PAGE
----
Like the gemmer/ ginger beer recipe I posted on this blog previously this is one of those things you grow up eating but never quite know the recipe for. My gran can’t give measurements off the top of her head but she knows how to make them with her eyes closed. Growing up in Soweto I remember the image of old mama’s carrying large buckets early in the morning, it was only once I got a bit older I realised they were carrying magwinya in the buckets to go sell at taxi ranks, busstops, train stations and anywhere and everywhere there was foot traffic.
Magwinya are the township version of vetkoek. Vetkoek (pronounce ‘Fet-cook’ and literally means ‘fat cake’) is a uniquely South African deep fried bread. Afrikaans in origine, research (i.e. the Internet) reckons they were originally a Dutch creation which the early Afrikaans folk tweeked over time. So like most Afrikaans South African food, its borrowed…but who cares.
Magwinya are the version we get in townships. The difference between them and vetkoek? Well magwinya tend to be a bit sweeter than traditional vetkoek. From personal opinion I think they also often tend to be a bit lighter and softer but this depends on who has made them and what ingredients they’ve used. Vetkoek are usually sliced open and stuffed with grated cheese, mince or even jam, being lovers of grease, in the townships we eat them with fried chips, achaar, polony, cheese or snoek fish (a type of salted and dried South African fish). I always argue with people that having such a greasy meal for breakfast is bad for you but my words fall on deaf ears, you’ll see many people eating them with tea in the morning. There’s no rules to it, like I said, they’re basically a fried bread…so the fillings can be anything you like.
This recipe is the one I found works for me. Being a chef, curiosity got the better of me and I’ve experimented with techniques. I’ve found that using a mixer (either a standing or hand one, it doesn’t matter) makes for a softer result that is less dense. Here’s another tip I learned whilst dealing with fried food…the more sugar in something, the darker the colour will be and the more crispy the outside.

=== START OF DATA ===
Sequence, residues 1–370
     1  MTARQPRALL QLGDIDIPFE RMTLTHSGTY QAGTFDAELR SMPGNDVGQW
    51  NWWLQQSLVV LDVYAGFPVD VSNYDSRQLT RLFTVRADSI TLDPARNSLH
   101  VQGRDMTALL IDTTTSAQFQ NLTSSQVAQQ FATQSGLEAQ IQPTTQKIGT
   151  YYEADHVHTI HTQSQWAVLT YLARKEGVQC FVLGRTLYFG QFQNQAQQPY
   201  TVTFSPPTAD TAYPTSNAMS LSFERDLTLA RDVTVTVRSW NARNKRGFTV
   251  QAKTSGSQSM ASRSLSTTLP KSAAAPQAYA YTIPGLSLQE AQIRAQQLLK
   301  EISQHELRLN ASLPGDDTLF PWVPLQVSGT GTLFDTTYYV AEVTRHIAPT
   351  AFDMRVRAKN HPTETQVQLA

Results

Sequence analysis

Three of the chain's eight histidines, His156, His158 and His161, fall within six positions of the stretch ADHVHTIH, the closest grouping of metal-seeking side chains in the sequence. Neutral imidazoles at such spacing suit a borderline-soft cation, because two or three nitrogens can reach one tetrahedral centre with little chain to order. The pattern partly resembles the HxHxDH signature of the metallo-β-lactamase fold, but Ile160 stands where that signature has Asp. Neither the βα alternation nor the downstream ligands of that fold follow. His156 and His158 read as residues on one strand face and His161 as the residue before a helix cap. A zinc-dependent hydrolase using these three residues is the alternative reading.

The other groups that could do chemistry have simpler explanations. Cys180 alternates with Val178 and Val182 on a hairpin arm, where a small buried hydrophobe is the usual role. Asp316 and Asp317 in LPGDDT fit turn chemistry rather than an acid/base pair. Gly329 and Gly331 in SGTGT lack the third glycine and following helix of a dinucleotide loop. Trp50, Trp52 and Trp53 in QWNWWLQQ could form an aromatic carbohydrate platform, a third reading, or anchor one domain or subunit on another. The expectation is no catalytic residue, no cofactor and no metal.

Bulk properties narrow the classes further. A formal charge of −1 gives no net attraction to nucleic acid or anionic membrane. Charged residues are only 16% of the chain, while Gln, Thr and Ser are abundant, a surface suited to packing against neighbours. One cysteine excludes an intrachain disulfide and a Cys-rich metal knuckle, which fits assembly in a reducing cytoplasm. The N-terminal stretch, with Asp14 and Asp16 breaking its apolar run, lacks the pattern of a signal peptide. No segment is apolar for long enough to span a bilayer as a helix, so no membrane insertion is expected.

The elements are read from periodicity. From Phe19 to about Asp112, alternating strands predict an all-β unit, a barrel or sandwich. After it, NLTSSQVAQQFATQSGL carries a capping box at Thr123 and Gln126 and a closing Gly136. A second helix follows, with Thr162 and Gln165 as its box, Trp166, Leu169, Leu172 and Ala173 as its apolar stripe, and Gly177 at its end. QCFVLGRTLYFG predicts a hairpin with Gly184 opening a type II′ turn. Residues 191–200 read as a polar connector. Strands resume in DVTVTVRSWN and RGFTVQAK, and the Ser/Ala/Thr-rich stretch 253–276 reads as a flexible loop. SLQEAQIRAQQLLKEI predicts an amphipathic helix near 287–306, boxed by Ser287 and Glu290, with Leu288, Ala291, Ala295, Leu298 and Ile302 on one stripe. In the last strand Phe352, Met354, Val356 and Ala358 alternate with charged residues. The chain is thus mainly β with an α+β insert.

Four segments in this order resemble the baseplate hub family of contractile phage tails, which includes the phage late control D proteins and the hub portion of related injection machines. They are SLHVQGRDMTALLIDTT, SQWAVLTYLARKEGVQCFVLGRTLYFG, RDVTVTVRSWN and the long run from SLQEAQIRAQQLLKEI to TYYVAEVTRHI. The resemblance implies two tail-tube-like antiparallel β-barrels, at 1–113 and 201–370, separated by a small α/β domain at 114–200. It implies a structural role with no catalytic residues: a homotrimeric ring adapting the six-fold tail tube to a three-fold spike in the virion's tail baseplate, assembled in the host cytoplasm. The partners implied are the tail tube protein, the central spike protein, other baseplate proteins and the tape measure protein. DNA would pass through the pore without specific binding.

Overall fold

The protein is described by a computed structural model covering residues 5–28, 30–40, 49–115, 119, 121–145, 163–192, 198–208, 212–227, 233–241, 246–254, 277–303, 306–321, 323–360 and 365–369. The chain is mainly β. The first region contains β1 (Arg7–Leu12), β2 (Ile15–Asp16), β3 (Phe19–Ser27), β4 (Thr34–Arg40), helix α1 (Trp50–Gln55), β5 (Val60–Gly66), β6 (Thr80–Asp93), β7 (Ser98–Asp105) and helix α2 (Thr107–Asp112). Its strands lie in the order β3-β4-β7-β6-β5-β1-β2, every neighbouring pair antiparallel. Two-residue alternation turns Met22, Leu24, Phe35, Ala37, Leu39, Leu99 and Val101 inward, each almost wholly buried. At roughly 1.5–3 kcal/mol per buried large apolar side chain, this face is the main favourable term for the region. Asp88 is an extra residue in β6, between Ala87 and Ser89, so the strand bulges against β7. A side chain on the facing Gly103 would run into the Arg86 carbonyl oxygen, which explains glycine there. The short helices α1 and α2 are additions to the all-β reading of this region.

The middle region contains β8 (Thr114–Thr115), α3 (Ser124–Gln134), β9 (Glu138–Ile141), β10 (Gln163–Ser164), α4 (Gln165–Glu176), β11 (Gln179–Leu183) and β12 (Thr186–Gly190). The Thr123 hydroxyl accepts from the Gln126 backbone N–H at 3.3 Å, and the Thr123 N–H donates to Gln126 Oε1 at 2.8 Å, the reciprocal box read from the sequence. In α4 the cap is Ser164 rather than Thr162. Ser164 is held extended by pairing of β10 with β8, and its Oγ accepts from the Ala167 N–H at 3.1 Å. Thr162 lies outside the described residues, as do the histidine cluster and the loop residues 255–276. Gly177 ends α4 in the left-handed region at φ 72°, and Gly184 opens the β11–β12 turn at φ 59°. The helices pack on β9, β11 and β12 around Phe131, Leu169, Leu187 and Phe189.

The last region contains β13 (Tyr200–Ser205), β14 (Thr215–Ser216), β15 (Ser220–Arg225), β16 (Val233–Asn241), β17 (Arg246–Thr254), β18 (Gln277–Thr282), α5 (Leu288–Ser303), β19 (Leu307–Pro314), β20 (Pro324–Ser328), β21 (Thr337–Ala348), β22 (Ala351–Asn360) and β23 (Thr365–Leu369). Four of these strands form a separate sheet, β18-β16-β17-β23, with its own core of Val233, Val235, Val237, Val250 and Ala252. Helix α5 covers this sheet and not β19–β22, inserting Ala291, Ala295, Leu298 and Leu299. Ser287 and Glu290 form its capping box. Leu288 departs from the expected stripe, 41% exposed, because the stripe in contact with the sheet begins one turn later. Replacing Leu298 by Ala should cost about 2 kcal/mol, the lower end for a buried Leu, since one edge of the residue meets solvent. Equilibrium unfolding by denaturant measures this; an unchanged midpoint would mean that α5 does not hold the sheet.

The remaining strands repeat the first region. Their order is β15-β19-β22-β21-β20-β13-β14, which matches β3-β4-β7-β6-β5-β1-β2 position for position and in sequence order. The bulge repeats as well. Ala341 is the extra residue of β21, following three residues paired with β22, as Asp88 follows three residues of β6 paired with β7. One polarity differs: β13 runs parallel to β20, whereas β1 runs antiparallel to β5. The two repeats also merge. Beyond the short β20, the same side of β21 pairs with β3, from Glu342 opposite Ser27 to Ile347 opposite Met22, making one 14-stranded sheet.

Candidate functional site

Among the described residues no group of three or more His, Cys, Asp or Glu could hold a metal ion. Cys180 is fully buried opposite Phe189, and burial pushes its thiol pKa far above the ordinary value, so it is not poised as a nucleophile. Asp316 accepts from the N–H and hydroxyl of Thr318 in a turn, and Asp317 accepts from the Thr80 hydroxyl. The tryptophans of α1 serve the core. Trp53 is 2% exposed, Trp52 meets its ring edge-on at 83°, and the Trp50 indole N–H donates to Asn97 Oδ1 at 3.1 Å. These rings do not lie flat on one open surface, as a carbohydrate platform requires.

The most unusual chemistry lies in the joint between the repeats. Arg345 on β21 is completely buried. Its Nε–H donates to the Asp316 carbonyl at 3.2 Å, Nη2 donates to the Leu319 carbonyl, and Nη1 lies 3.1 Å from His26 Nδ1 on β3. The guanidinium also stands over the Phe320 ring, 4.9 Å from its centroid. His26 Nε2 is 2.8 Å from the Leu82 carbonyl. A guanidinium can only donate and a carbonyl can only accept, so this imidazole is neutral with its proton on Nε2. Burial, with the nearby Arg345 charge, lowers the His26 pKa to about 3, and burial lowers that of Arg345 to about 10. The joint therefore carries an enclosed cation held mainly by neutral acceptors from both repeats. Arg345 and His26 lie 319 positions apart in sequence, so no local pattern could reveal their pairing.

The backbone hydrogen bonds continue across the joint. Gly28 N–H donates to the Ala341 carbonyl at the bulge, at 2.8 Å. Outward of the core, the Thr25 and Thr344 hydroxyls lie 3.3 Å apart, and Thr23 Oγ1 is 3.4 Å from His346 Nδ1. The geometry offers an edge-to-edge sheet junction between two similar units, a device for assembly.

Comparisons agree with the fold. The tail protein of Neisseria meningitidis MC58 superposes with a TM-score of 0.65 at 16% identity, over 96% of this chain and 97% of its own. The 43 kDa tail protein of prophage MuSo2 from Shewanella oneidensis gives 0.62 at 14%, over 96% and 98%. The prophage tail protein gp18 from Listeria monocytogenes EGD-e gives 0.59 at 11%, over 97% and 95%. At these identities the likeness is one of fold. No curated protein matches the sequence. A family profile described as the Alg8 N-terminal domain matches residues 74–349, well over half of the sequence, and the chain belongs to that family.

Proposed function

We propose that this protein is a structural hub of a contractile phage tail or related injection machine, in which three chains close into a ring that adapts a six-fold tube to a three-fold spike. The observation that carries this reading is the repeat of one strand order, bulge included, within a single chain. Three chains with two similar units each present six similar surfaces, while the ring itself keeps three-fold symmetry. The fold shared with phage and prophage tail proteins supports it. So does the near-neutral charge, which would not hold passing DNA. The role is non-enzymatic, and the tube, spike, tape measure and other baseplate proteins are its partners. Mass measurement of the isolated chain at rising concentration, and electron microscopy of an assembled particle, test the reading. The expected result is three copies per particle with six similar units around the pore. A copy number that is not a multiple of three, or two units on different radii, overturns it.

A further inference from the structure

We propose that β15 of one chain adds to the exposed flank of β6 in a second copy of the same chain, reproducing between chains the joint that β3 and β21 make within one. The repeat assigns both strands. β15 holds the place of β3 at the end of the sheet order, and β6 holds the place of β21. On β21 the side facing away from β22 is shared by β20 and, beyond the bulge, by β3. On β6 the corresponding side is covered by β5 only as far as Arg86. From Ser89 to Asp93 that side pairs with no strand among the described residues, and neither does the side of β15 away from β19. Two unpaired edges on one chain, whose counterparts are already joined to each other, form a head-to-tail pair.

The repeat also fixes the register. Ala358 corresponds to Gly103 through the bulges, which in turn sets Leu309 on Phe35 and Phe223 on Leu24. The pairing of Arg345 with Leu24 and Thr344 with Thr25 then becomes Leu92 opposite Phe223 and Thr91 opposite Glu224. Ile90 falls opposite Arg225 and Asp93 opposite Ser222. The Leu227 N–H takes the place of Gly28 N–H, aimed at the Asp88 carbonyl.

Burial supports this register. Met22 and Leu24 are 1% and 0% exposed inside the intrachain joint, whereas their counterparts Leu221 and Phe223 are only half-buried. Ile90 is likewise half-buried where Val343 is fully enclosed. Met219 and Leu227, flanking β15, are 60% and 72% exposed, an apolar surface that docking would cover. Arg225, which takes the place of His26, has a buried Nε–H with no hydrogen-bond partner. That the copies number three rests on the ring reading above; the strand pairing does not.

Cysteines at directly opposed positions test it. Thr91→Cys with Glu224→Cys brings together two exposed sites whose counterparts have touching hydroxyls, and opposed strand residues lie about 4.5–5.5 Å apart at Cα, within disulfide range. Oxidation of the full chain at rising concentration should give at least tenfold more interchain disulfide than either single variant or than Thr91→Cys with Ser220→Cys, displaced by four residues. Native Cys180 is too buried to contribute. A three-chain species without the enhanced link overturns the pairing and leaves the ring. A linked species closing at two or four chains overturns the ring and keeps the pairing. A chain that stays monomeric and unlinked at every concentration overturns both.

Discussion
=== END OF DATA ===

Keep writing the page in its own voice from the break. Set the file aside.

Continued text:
Ok, enough talking. Enjoy…
7 cups cake flour (not self-raising flour)
2 teaspoons salt
3 tablespoons Sugar
1 packet Yeast (10g)
Cooking oil (for frying)
* In a small jug pour about a cup of warm water and add the yeast. Leave to begin foaming
* In a bowl mix all the dry ingredients together and then pour in the yeast. Stir
* Add more lukewarm water and mix after each addition until you get a soft dough that is soft but not runny (like a bread dough).
* Mix with a mixer that has dough hooks attached until the dough starts coming away from the sides. If you don’t have a mixer use your hands and knead for about 15mins. (This is important if you want soft magwinya)
* Cover the dough with a damp cloth or plastic wrap that’s bean brushed with oil and allow to rise until double (about an hour).
* Heat about 2 litres of oil in a pot or deep heavy-based pan
* Magwinya are typically round in shape and a little smaller than tennis balls but its up to you what shape you make them. Roll them into balls with your hands (brush your hands with some oil to stop them from sticking) or roll the dough out flat on a floured work surface and flatten with a roller and cut into rectangular “blocks”.
* Test the oil with a small piece of dough, if the dough starts bubbling and rises, the oil is hot enough. Maintain its temperature by reducing the heat now and then. You don’t want the oil too hot. Once the oil is ready. Deep fry the vetkoek.
* Keep turning them. Ready when golden brown
* Place on kitchen paper to absorb excess oil. Serve
They will keep for 2 or 3 days but they go stale VERY quickly so enjoy them soon.
Chef Lesego (@LesDaChef)